Director Peter Jackson has confirmed that his adaptation of JRR Tolkien's The Hobbit, originally planned for two films, will extended into a trilogy.
As he proved with his epic Lord of the Rings trilogy, Jackson has never been a filmmaker who rushes a story, but his announcement on Facebook will surprise many audiences who already thought The Hobbit too slight a volume even for two films.
The first part, The Hobbit: An Unexpected Journey, stars Martin Freeman as Bilbo Baggins and sees the return of Ian McKellen and Cate Blanchett. It will hit screens on 14 December.
Part 2, The Hobbit: There and Back Again, will be released one year later. On that schedule, a third part would be expected in 2014.
"It is only at the end of a shoot that you finally get the chance to sit down and have a look at the film you have made. Fran [Walsh, writer] and Phil [Boyens, writer] and I did this when we watched for the first time an early cut of the first movie - and a large chunk of the second," Jackson wrote.
Tell more of the tale?
"We were really pleased with the way the story was coming together, in particular, the strength of the characters and the cast who have brought them to life.
"All of which gave rise to a simple question: do we take this chance to tell more of the tale? And the answer from our perspective as the filmmakers and as fans, was an unreserved 'yes'.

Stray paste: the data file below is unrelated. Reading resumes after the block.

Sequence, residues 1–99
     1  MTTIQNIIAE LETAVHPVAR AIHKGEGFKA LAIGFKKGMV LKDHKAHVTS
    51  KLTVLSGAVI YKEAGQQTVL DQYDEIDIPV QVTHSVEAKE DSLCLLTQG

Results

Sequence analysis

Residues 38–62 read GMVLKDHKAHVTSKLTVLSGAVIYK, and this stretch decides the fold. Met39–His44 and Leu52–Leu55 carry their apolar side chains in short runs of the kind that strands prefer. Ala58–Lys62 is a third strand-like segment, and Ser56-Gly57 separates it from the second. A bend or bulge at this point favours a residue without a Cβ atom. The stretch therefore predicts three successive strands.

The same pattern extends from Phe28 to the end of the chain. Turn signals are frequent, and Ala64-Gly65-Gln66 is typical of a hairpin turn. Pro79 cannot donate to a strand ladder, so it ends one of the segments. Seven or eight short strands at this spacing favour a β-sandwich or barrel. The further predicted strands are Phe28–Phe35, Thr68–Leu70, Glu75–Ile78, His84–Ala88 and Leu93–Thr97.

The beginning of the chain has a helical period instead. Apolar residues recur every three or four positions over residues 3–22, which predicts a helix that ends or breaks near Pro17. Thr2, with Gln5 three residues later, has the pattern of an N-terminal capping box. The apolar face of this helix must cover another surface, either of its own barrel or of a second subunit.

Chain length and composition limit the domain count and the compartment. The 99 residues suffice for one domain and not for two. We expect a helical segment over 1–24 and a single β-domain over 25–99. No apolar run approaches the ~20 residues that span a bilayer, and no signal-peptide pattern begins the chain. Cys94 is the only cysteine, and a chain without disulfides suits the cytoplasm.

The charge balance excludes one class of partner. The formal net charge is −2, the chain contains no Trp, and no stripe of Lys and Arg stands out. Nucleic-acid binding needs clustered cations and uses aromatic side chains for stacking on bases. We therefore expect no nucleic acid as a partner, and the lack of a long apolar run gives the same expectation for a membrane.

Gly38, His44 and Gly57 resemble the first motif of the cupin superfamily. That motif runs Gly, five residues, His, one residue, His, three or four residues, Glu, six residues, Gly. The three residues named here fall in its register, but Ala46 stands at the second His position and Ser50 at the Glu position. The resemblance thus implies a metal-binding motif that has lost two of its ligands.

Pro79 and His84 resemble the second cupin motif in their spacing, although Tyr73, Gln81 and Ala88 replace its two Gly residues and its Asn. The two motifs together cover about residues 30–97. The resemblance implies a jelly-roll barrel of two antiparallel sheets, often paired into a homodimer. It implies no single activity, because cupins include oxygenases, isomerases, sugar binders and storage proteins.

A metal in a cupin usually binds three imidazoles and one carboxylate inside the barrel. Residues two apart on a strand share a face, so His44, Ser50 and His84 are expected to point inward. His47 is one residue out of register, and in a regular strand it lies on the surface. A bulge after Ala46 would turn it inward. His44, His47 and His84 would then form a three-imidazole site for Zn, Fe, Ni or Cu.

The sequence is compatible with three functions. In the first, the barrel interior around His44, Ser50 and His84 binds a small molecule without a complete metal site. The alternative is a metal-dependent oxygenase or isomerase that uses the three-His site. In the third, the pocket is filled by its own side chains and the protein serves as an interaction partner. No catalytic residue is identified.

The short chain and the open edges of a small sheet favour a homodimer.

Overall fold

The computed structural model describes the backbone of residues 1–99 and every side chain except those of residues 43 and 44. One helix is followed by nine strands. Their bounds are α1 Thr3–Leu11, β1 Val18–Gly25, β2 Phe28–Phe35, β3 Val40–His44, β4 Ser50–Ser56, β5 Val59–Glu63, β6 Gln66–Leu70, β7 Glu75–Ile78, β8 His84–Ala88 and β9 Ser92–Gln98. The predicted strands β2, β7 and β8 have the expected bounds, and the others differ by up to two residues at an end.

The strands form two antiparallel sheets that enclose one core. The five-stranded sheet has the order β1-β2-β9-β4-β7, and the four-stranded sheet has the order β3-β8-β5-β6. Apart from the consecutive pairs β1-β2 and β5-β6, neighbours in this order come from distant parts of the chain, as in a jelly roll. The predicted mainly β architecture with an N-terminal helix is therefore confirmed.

"We know how much of the story of Bilbo Baggins, the wizard Gandalf, the Dwarves of Erebor, the rise of the Necromancer and the Battle of Dol Guldur will remain untold if we do not take this chance.
"The richness of the story of The Hobbit, as well as some of the related material in the appendices of The Lord of the Rings, allows us to tell the full story of the adventures of Bilbo Baggins and the part he played in the sometimes dangerous, but at all times exciting, history of Middle Earth.
"So without further ado and on behalf of New Line Cinema, Warner Bros Pictures, Metro-Goldwyn-Mayer, Wingnut Films, and the entire cast and crew of The Hobbit films, I'd like to announce that two films will become three.
"It has been an unexpected journey indeed, and in the words of Professor Tolkien himself, 'a tale that grew in the telling'."
Jackson's comments suggest that the meat of the Hobbit's plot will be found within the first two films, while the last section will fill in the gaps leading in to Lord of the Rings.
Fans of Tolkien familiar with his Silmarillion will know the wealth of stories that remain untapped, so Jackson will have no shortage of material. It will be interesting to see which direction he takes the film, or whether he is simply lost in Middle Earth.